Political Science

I don’t quite mean “the best novel,” rather I mean “the best novel as a novel of bureaucracy.”

There is Franz Kafka, but I find his writings more theological and fantastic than insightful about bureaucracy per se.  Besides, his short stories are his best work and the novels do not have proper endings.

There are post-war Eastern European novels galore, where to start?  In the First Circle?  Still, communist bureaucracies are no longer so typical, so I am not ready to award any of these novels first prize.  Gogol’s earlier Dead Souls also stands out as a Russian candidate.

Joseph Heller’s Catch-22 is in the running, as are John Le Carre, Thomas Pynchon and David Foster Wallace.  Here is a discussion of Dickens, Orwell, and other classics.  Here is a jstor-gated survey of the topic.  There are plenty of novels about universities, very few of which I can endure.

The Chinese have an entire genre of “bureaucracy literature.”  And perhaps bureaucracy in science fiction is deserving of its own post.

In any case, my clear first choice pick is Anthony Trollope’s Barchester Towers, which I started reading a few days ago.  Here is the first sentence of the Amazon.com review:

This 1857 sequel to The Warden wryly chronicles the struggle for control of the English diocese of Barchester. The evangelical but not particularly competent new bishop is Dr. Proudie, who with his awful wife and oily curate, Slope, maneuver for power.

So far I am finding that just about every page has insight about bureaucracy.  Trollope, by the way, had extensive experience working for the Post Office in England and Ireland, and furthermore he missed out on a major promotion.

What else am I forgetting?

Emilio Depetris-Chauvin suggests a possible answer:

Using monthly data constructed from futures markets on presidential election outcomes and a novel proxy for firearm purchases, this paper analyzes the response of the demand for guns to the likelihood of Barack Obama being elected in 2008. Point estimate suggests the existence of a large Obama effect on the demand for guns. This political effect is larger than the effect associated with the worsening economic conditions. This paper presents robust empirical evidence supporting the hypothesis that the unprecedented increase in the demand for guns was partially driven by fears of a future Obama gun-control policy. Conversely, the evidence for a racial prejudice motivation is less conclusive. Furthermore, this paper argues that the Obama effect did not represent a short-lived intertemporal substitution effect, and that it permanently affected the stock of guns in circulation. Finally, states that had the largest increases in the demand for guns during the 2008 election race experienced significant changes in certain categories of crime relative to other states following Obama’s election. In particular, those states were 20% more likely to experience a shooting event where at least three people were killed.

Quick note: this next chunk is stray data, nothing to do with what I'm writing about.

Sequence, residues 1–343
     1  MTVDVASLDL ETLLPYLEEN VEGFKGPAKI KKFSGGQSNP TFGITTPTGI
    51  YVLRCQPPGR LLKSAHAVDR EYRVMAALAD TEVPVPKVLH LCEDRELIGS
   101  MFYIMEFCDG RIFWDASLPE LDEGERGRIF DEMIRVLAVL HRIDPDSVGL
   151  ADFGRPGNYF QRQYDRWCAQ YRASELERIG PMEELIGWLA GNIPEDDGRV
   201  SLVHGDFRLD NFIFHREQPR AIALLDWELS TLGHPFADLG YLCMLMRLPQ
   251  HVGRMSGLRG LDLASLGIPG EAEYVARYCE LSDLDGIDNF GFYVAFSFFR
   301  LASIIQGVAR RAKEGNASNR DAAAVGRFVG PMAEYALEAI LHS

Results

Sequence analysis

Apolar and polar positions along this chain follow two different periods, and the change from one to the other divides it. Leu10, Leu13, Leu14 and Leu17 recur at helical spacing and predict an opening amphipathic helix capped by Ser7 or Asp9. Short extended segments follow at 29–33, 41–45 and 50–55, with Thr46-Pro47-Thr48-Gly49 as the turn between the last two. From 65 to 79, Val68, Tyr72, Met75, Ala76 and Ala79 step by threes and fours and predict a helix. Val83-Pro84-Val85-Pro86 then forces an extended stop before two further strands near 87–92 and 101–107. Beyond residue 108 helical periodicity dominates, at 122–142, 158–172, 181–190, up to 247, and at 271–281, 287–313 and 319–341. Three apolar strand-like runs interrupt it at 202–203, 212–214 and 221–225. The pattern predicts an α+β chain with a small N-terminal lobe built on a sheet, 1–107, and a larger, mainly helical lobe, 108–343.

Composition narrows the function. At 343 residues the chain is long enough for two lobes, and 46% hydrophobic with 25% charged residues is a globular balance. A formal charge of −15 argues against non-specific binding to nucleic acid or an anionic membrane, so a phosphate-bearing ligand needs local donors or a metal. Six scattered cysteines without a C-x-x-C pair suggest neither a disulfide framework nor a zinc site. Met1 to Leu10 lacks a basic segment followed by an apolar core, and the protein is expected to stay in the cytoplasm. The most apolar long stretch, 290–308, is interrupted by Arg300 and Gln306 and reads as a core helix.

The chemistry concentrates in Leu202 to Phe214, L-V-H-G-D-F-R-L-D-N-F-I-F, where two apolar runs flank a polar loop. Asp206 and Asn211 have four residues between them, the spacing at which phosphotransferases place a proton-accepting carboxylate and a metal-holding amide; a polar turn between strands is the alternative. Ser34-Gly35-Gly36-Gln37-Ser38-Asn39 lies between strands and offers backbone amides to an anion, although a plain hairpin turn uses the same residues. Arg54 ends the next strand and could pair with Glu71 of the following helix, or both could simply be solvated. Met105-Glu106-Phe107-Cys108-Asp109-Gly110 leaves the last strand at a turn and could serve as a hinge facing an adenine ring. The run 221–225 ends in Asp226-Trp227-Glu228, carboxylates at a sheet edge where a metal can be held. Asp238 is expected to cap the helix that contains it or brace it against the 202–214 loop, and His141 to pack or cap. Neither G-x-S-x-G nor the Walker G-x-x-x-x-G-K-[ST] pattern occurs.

The published paper is here, via Kevin Lewis.

That is the new China initiative to rebuild the Old Silk Road along modern principles.  The plan is a bit of a grab bag, but seems to include the following:

a. A deepwater naval base in Pakistan, plus a $42 billion aid/investment package for Pakistan.  Here is some background on what already has been done.

b. A Chinese route to the sea through Myanmar and Bangladesh.

c. Northern shipping routes to Europe, through the Arctic, as the ice melts.